Petro-Canada says the nearly week-long issues customers have been experiencing with things like payment and loyalty programs at the gas station chain are ongoing, but it is making progress in resolving them.
The company’s troubles began about a week ago, when reports suggested on Friday that parent company Suncor had been hacked. Over the weekend, Suncor acknowledged it had experienced a “cybersecurity incident” and stressed that while it was confident no customer or employee data had been stolen, “some transactions with customers and suppliers may be affected.”
One of the first places to see such disruptions was in Petro-Canada, where the chain of more than 1,500 locations across the country was having trouble processing debit and credit payments. Other services, such as the Petro-Points loyalty program app and a car wash service, have also been affected.
Petro-Canada said on Twitter that it is “making progress in resolving the disruptions customers have experienced and will continue to update you as more services come back online.
“We apologize for any inconvenience this has caused, and thank you for your patience.”
LOOK | Customers confused and worried by outage:
Refueling customers told Breaking: that the incident was inconvenient, but also concerning.
Ella Lee-O’Rourke tried to fill up at a station in Toronto this week and wanted to pay by card, but had to cut back to just $20 because she happened to be carrying a cash account.
“No one carries cash,” she said. “I probably won’t be coming here for a while because I can just go somewhere else that accepts my card.”
Ben Abouakr tried to fill up at a Petro-Canada station in Toronto, but couldn’t, so he went to a nearby Shell instead.
“I saw the piece of paper on the pumps that said cash only,” he told Breaking:. “It must be something – for three days? It’s more than a technical problem.”
Could be a ‘big problem’
Suncor has yet to link the cybersecurity incident to problems at Petro-Canada, or even say what kind of incident it was, but Ian Paterson, the CEO of cybersecurity firm Plurilock, says the incident shows some of the telltale signs of a “ransomware” attack. attack, in which nefarious actors gain access to a company’s network and then hold it hostage in exchange for payment.
However, he warns that it may not be.
“If a company voluntarily shuts down systems to try and find out what happened, it’s very similar to a ransomware attack,” says Paterson.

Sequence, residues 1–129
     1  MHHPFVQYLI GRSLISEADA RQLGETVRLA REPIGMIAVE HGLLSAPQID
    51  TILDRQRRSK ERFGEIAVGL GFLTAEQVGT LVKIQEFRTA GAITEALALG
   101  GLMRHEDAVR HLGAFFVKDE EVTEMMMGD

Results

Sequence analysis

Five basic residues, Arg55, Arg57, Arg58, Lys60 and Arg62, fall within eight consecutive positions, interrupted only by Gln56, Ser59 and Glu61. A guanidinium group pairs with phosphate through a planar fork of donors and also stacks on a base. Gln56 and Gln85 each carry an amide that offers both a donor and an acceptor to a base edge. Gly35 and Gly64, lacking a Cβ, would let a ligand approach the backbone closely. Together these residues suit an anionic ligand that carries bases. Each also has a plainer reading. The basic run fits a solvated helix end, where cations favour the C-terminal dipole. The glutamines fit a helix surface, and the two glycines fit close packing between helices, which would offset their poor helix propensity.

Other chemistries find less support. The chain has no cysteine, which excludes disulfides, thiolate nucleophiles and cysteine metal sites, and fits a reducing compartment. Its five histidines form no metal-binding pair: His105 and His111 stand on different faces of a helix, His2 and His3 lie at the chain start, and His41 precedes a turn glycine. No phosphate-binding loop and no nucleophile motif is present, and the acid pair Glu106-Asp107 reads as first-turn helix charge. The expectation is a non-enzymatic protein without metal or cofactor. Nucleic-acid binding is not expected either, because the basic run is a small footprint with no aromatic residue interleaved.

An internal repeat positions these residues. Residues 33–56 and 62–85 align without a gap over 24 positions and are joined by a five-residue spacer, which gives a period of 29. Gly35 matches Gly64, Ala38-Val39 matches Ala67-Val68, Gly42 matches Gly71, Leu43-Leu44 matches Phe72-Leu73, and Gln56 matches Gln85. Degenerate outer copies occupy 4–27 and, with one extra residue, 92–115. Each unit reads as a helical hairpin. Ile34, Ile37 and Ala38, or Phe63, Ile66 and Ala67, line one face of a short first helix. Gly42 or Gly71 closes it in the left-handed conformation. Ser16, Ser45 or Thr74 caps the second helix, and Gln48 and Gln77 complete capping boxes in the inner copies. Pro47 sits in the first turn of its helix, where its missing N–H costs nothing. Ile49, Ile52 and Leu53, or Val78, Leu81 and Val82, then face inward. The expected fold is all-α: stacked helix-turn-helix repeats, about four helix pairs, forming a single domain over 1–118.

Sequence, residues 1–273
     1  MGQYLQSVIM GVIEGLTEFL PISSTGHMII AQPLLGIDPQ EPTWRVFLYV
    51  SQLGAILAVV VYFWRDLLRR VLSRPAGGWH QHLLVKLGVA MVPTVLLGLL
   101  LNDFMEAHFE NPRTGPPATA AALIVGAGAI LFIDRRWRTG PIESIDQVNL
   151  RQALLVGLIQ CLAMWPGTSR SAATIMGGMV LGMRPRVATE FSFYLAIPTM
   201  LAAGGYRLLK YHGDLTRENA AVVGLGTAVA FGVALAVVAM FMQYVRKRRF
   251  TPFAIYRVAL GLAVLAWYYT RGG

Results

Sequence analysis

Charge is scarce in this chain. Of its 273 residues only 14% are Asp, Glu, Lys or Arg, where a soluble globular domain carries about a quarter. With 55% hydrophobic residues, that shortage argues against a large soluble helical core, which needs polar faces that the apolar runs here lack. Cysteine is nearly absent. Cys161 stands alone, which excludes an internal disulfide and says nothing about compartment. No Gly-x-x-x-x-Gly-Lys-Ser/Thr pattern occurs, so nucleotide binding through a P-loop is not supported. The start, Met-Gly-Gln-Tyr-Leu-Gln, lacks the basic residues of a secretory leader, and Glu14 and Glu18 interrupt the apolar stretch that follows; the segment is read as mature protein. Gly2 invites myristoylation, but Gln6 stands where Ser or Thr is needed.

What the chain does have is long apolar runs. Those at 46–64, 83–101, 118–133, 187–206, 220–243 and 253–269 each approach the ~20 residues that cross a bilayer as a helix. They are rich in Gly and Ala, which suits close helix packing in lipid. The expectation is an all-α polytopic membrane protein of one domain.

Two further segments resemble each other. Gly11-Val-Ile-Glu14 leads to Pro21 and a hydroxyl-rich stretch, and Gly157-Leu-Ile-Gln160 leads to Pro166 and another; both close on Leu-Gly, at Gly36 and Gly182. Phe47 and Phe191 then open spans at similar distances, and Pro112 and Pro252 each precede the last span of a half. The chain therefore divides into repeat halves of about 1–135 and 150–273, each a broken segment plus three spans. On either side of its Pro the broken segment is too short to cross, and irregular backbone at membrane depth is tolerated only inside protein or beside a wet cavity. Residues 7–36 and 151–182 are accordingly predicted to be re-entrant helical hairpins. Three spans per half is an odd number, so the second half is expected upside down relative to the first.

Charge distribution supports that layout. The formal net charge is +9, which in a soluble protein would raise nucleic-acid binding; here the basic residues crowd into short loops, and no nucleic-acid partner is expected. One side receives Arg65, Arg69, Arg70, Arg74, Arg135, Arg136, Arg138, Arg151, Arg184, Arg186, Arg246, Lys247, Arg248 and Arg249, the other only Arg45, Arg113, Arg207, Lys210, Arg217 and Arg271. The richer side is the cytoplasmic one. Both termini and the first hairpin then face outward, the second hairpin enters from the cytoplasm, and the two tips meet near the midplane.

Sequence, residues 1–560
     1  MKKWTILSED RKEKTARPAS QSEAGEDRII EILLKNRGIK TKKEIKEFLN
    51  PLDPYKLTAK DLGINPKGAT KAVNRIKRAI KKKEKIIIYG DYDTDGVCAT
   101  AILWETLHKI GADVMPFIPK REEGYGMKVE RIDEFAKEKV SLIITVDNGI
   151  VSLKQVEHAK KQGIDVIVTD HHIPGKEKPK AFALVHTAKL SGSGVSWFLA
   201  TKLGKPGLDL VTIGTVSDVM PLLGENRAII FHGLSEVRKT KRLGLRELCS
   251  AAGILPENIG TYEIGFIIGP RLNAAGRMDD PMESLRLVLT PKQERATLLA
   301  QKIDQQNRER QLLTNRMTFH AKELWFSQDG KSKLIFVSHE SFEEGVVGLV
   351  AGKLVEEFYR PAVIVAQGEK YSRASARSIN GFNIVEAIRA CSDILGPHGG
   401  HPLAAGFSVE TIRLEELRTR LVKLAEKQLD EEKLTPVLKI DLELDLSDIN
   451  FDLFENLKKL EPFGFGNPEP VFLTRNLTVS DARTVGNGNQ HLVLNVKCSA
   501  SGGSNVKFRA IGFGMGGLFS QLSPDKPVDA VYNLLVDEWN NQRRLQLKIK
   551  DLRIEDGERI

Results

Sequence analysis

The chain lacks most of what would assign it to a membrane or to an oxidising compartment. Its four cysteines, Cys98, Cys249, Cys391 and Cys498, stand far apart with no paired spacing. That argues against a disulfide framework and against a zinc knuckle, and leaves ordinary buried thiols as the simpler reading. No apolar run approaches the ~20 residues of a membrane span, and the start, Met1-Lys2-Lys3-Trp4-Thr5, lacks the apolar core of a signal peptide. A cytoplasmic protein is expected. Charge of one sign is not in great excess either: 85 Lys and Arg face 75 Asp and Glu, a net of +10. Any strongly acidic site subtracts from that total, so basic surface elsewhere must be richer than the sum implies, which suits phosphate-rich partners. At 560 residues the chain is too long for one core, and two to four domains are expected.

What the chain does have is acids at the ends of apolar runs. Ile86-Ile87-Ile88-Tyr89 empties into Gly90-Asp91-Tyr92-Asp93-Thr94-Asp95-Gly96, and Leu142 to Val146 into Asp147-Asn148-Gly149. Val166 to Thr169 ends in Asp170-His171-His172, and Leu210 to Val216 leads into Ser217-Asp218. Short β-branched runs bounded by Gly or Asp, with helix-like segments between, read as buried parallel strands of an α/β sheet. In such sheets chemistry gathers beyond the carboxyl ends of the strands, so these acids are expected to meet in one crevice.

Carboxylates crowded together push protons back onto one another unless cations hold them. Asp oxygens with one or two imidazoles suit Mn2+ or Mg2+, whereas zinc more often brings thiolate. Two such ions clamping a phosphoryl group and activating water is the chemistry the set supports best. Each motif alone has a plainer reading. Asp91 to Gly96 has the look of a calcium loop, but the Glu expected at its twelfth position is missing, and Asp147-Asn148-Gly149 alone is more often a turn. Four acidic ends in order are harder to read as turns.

Those attacks often happen when the hackers believe there is some kind of vulnerability, so they often happen during downtimes like during holidays or on the way to a weekend.
“It’s not surprising to see something happen on a Thursday or Friday,” he said.
Whatever the cause, given that the outage has been going on for so long, he thinks the company has a “massive problem”.
“If there is such a widespread attack, it will be time consuming and expensive,” he said.
Jon Ferguson, general manager of cybersecurity at the Canadian Internet Registration Authority, agrees that the impact of this cybersecurity incident is likely to last a long time for the company
One of the challenges is that it is a large organization, he said.
“If they have to modify critical systems, it could take a very long time to recover, depending on what was damaged,” Ferguson told The Canadian Press.
“And then there’s the cost of disruption. I have no idea how much gas Petro-Canada didn’t sell because people didn’t have cash.”
There’s also the cost of the damage to the company’s reputation, he said, “which is very hard to measure, but you’ll probably think twice before you put your credit card in a Petro-Canada gas machine right now.”
Companies affected by cybersecurity incidents
The incident is just the latest cybersecurity breach to make headlines in recent times. In February, retailer Indigo was hit by a ransomware attack that wiped out credit and debit payments for days and the online store for nearly a month.
And in 2021, the American pipeline company Colonial Pipeline was taken offline after hackers infiltrated the company’s systems. That attack blocked the flow of gasoline through the important pipeline that supplies the East Coast, leading to widespread shortages.
Last week, the Canadian Center for Cyber Security warned that ransomware attacks — in which hackers gain access to a company’s internal system and demand payment in exchange for a refund — were the biggest cyber threat to Canada’s oil and gas sector.
Ransomware is almost certainly the number one cyberthreat to the reliable supply of oil and gas to Canadians.
Last year, Suncor was one of two dozen oil and gas companies to sign the Cyber Resilience Pledge, a vow to strengthen cybersecurity, following the Colonial Pipeline hack the previous year.